didl not hlave special training or experience in
Also, the lhospital system
ill the Philippinies was fairly well developed,
tlhere beinig at least onie governilmenit hospital ini
The uise of the refrigerator in rural lhealth
iuniits lhas beeni miainly for storage of biologics,
alitfibiotics, aind( perislhable drugs.
an(l urinie specimenis, water samlples, or otlher
milater'ials for examiniation were store(l in r e-
systeml- of reegional laboratories lhad niot been
suifficienitly developed to lhanidle suchl work fromn
the (aver(agre lhealtlh unit.
7 cubic feet were placed iniiitits, bult they were
miuchl too large for the aN-erage 4- to 5-worker
Unlit in the presenit stage of developmient.
smaiill 11/2 cubic foot refrigerators are being
Problems of operation also plagued
It was found that
Rural health units
Rural physicians evi-
Refrigerators up to
Public Health Reports
the uise of tlis itemii.
no electiic currenit or lhad it only for varying,
periodsof 6 to 12 hours a day.
full capacity of the fr-eezing Unit were used to
freeze ice during the timne the unit was in opera-
fion,v the box would be cool (luiringt the iionoper-
Aniotlher apparently successful
Kerosenie was usually available in the rural
areas, anid, when properly operated, this type
seemiied to function well
tables anid chlairs wiere uindouibtedly in use, as
was otlher furniture supplied by the Philippine
Department of Health.
that these items could be constructed locally
from native materials, it was decided to foster
this approaclh to stimulate initerest in the health
uniit and its work. Such tables ancd chairs were
frequently doniated by individuials, with credit
plaiinly lettered oni the piece.
and bills of materials were supplied to local
The items will therefore prob-
a-bly not be supplied to the Philippine rural
health program by interncationial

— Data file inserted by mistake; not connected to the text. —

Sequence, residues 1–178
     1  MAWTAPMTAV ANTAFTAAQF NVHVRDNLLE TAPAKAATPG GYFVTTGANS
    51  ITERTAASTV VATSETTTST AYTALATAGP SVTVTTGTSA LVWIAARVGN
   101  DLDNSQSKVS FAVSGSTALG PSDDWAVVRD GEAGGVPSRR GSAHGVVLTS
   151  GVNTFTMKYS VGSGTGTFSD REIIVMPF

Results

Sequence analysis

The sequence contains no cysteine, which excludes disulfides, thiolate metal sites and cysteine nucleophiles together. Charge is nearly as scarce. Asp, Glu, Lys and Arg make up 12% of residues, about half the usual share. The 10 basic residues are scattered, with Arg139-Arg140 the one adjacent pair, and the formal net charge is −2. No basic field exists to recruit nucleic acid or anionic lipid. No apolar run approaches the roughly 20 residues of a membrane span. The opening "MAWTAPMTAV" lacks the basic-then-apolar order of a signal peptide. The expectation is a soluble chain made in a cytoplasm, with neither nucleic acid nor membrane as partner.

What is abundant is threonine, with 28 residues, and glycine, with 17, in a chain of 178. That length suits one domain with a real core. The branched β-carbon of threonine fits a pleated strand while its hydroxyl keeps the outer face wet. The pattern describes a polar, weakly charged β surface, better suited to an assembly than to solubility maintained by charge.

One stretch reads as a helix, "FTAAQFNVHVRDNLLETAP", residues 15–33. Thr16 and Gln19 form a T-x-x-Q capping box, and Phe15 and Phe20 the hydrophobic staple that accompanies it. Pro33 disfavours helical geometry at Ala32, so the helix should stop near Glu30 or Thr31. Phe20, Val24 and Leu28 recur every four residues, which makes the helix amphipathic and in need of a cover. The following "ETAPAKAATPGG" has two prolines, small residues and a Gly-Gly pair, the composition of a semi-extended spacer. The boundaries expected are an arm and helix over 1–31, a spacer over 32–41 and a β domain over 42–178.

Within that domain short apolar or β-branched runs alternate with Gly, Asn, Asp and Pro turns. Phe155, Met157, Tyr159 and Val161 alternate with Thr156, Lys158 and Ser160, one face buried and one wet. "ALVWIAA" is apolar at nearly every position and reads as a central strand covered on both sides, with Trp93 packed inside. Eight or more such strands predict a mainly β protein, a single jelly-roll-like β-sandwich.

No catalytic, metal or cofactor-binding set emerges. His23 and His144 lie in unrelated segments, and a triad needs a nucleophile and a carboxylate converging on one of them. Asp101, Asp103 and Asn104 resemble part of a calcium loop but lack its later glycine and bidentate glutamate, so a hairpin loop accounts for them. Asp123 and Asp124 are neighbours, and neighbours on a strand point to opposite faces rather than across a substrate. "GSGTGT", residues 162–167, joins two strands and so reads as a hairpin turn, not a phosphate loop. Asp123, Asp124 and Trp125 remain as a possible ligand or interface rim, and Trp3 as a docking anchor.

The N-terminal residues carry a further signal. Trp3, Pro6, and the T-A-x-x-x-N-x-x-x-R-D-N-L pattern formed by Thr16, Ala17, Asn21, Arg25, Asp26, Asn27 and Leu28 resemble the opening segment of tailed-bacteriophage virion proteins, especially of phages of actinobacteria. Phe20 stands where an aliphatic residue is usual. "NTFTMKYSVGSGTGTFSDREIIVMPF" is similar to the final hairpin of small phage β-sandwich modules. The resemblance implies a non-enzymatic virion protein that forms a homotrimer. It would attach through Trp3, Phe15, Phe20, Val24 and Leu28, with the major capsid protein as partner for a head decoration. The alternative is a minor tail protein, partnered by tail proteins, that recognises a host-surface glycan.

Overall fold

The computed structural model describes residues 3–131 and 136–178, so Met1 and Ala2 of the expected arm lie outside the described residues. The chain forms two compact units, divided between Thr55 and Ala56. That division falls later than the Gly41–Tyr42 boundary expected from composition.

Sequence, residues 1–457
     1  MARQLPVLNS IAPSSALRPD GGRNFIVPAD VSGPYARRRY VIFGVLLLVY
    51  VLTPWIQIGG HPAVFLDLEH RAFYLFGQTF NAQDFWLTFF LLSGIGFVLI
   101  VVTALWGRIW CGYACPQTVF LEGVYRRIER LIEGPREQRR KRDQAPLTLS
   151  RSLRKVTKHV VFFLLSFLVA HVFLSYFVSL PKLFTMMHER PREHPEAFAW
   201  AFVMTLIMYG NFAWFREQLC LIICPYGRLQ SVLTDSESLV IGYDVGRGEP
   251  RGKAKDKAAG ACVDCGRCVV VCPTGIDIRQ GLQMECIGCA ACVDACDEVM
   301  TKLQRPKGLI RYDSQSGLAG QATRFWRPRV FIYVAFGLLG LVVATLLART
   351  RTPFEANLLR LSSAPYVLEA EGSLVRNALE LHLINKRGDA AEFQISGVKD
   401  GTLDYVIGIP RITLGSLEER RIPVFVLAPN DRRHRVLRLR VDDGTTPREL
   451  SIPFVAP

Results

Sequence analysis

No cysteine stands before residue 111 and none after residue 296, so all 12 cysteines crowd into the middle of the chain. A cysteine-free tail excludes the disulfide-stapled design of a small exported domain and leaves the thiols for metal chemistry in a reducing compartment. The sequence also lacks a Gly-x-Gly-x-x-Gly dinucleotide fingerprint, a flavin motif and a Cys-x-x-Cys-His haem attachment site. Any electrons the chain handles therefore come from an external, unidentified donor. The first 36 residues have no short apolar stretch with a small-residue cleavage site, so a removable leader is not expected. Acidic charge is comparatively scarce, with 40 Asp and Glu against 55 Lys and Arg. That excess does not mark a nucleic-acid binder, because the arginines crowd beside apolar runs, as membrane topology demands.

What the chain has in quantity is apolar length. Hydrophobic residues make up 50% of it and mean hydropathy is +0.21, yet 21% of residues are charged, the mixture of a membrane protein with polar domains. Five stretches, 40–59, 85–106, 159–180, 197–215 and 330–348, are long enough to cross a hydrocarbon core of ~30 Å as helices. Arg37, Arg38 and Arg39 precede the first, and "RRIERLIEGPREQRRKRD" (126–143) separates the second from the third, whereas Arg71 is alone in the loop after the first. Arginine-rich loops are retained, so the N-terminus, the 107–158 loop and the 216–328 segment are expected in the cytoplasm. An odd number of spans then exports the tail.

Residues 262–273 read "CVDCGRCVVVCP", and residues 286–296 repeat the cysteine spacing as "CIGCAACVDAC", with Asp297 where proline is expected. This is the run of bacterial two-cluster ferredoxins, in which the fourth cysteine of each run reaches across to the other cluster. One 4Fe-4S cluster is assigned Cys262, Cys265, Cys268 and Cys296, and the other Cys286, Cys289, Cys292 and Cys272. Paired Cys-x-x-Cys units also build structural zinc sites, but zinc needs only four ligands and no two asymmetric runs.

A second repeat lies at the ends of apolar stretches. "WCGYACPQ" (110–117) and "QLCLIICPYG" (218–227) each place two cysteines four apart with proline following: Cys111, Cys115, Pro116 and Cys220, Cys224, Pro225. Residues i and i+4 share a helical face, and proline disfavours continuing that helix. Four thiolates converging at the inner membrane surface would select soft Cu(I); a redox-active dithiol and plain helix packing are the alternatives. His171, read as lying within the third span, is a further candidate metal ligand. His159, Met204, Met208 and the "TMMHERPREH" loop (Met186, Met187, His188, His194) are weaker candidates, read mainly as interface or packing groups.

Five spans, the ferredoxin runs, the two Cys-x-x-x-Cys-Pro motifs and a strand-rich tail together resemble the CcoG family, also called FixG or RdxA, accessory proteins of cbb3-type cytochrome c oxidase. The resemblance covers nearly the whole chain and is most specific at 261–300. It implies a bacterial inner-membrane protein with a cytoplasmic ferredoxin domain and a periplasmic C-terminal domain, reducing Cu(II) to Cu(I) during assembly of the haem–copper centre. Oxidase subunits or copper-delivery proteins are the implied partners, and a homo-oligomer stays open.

agencies in the future.
alcolhol sterilizers were sup-
M.1any smiiall townis hIad
conistrltcte(I metal exa.miniing
After much evidence
plied, as well. asplansfor use on primils stoves.
The same (lifficiilty was found with the electric
witlh other electric applianices.
Sterilizing inistrumiiieints was possible at niight
wh-leni cIuirrlenit was available bult the uniit per-
sonniiel were not anixious to do the job then; they
prefeiredto findotlher metlhodsthat could be
used (luriig the day. The large alcohol steri-
lizer nieeded a large amouint of fuel to bring(, the
necess,ary tanoiont of water to a boil.
it was use(l onily to sterilize the larger inlstii'-
ments suc(li as obstetrical forceps.
alcolhol syrinlge anlI
nieedle sterilizer was iuseful
iii smlliler clinliCs.
T1le bac-kground anId salienit poinits in the
evolution andp)rogressof local health services
in the Republic of the Philippinies lhave been
presenited witlh the expectationi that the prob-
lemns in that country are parallel with those
in otlher countries in thle area.
will arise in the futute for exclhanige of infor-
milatioln Onl the applicationi of the Plhilippinie
One tling is certain: The rural peo-
plein thePhilippines want these services, anid
the demand(I is large aind steadily auguieiting.
Tenth World Health Assembly
Surtgeon Genieral I3urney lheaded the United States delegation at
the Tenitlh World Health Assembly in Genieva, Alay 7-24, 1957.
liglhts of the assembly weere adoption of thle 1958 budget of $13,500,000
recommenided by the executive boar d aii(
invitationi to lhold the elevenitlh
asseml-bly in the U,nited States.
J.S.S.R., Albania, Bulgaria, annd PolanIdrIesuiied active membership.
In adlditioll to calling for more voluntary conitributions to the spe-
cial malaria. eradicatioin funld, the assembly approved a continuing